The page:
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Women and nonbinary Icelanders go on a 24-hour strike to protest the gender pay gap

People across Iceland gather during the women's strike in Reykjavik, Iceland, Tuesday, Oct. 24, 2023. Iceland's prime minister and women across the island nation are on strike to push for an end to unequal pay and gender-based violence.
Arni Torfason
/
AP
People across Iceland gather during the women's strike in Reykjavik, Iceland, Tuesday, Oct. 24, 2023. Iceland's prime minister and women across the island nation are on strike to push for an end to unequal pay and gender-based violence.

Women and nonbinary people in Iceland, including the country's prime minister, went on strike Tuesday in protest of the country's gender pay gap.

Organizers of the strike encouraged women and nonbinary people to stop paid and unpaid work for a full day, including child care, household chores and "other responsibilities related to the family or home."

Thousands of women gathered on Arnarhóll, a hill in the country's capital city of Reykjavík, and about a couple dozen other events were held around the country, such as in Drangsnes, Hvmmstangi and Raufarhöfn.

Women earn about 21% less than men, according to the organizers, and lower wages in Iceland are most distinct among immigrant women, women who work in sanitation and with children, disabled people and elderly people.

"International humanitarian law must be upheld, the suffering has to stop now and humanity must prevail," Iceland Prime Minister Katrín Jakobsdóttir said on X, formerly known as Twitter.

This is the seventh time since 1975 that Icelandic women have gone on strike, though Tuesday marks the first 24-hour strike since then. More than 90% of women went on strike in 1975, which paved the way for Vigdís Finnbogadóttir to serve as the world's first elected female president, according to the Icelandic Ministry for Foreign Affairs.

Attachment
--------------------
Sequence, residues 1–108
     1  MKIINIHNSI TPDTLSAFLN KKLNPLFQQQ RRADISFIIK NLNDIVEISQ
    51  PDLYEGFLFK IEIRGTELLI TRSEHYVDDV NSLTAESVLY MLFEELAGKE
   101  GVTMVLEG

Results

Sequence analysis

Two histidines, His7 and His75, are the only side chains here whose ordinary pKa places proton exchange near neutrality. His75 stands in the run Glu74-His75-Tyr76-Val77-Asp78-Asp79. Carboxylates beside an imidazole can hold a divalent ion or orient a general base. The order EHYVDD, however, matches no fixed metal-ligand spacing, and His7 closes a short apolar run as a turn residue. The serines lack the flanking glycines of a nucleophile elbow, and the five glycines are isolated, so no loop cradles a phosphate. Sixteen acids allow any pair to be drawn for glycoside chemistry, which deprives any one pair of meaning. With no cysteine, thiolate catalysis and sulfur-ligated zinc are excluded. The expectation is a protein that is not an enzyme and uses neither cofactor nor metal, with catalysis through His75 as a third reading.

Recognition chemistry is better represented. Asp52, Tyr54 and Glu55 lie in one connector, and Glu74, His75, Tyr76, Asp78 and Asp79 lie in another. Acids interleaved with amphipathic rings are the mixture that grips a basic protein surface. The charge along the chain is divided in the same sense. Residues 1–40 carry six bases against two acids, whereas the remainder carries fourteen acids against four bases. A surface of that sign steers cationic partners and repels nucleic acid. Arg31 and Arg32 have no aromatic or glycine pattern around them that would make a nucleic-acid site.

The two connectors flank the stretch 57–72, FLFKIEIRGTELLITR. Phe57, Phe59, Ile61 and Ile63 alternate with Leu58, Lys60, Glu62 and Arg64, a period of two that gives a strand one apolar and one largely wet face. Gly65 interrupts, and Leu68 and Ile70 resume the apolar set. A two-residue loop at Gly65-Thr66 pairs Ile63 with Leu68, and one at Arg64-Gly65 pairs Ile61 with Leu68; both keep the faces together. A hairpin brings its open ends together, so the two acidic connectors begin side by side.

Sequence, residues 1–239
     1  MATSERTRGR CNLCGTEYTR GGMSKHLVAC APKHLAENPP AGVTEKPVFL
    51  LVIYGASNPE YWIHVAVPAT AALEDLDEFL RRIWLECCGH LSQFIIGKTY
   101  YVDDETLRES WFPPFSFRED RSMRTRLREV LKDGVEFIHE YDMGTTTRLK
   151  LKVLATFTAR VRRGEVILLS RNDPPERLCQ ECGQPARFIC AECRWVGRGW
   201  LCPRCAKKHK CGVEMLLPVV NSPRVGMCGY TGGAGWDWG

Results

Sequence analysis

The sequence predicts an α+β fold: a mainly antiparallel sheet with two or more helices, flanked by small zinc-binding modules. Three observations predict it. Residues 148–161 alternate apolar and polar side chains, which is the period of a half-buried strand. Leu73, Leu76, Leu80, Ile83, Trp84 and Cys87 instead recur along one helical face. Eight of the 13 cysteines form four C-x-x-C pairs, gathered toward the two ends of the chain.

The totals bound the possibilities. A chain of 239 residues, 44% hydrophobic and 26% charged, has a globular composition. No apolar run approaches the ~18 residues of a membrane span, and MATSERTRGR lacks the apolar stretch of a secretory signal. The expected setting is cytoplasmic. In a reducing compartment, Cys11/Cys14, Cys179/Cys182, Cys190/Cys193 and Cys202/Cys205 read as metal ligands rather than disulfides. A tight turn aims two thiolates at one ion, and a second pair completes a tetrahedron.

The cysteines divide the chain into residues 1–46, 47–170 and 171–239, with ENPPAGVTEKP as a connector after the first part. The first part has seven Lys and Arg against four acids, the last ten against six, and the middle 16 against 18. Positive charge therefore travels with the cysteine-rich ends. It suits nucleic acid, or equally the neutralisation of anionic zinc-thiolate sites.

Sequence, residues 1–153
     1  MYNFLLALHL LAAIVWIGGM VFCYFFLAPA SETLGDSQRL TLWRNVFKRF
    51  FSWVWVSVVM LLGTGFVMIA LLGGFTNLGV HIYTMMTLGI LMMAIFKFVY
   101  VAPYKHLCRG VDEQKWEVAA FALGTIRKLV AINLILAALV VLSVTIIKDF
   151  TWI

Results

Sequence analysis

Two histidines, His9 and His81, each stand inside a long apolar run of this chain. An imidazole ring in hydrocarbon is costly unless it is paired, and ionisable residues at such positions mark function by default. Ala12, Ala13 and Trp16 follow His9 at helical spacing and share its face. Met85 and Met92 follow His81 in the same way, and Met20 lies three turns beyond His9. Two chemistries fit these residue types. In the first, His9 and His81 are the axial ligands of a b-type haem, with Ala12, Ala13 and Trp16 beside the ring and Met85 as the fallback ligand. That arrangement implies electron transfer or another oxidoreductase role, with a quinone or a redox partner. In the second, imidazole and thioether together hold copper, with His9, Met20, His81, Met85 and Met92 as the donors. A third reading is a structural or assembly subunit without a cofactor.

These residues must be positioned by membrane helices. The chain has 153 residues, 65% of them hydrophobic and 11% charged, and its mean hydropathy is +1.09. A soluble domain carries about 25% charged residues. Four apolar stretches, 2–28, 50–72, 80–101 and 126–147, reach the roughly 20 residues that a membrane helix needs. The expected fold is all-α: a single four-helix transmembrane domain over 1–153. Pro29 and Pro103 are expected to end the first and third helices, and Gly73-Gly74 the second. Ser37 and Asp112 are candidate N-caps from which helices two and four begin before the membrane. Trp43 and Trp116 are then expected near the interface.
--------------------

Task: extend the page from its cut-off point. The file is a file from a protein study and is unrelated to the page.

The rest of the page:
Other strikes happened in 1985, 2005, 2010, 2016 and 2018 to protest the gender pay gap and sexual violence and support the #MeToo movement.

"Their activism for equality has changed Icelandic society for the better and continues to do so today," Iceland President Guðni Jóhannesson said.

Eliza Reid, an author and Jóhannesson's wife, referenced the 1975 strike in the out-of-office message she posted Tuesday.

"Almost half a century later, equality is still far from being achieved, hence this reminder," she said. "I will therefore not be responding to emails today. You can expect to hear from me tomorrow when I am back at work."

The strike was organized by groups including the Icelandic Feminist Initiative, Women in Film and Tech and the Delta Kappa Gamma Society International.

Men are encouraged to fill in for women and nonbinary persons in their absence at work and at home.

"​​Those who can, must rely on fathers or other male relatives to take care of the child/children for that day," organizers said. "Not every child has a father and not all fathers are present, of course. Unless otherwise stated, children are welcome to the demonstrations [and] meetings, girls and boys."

Copyright 2023 NPR. To see more, visit https://www.npr.org.

Ayana Archie
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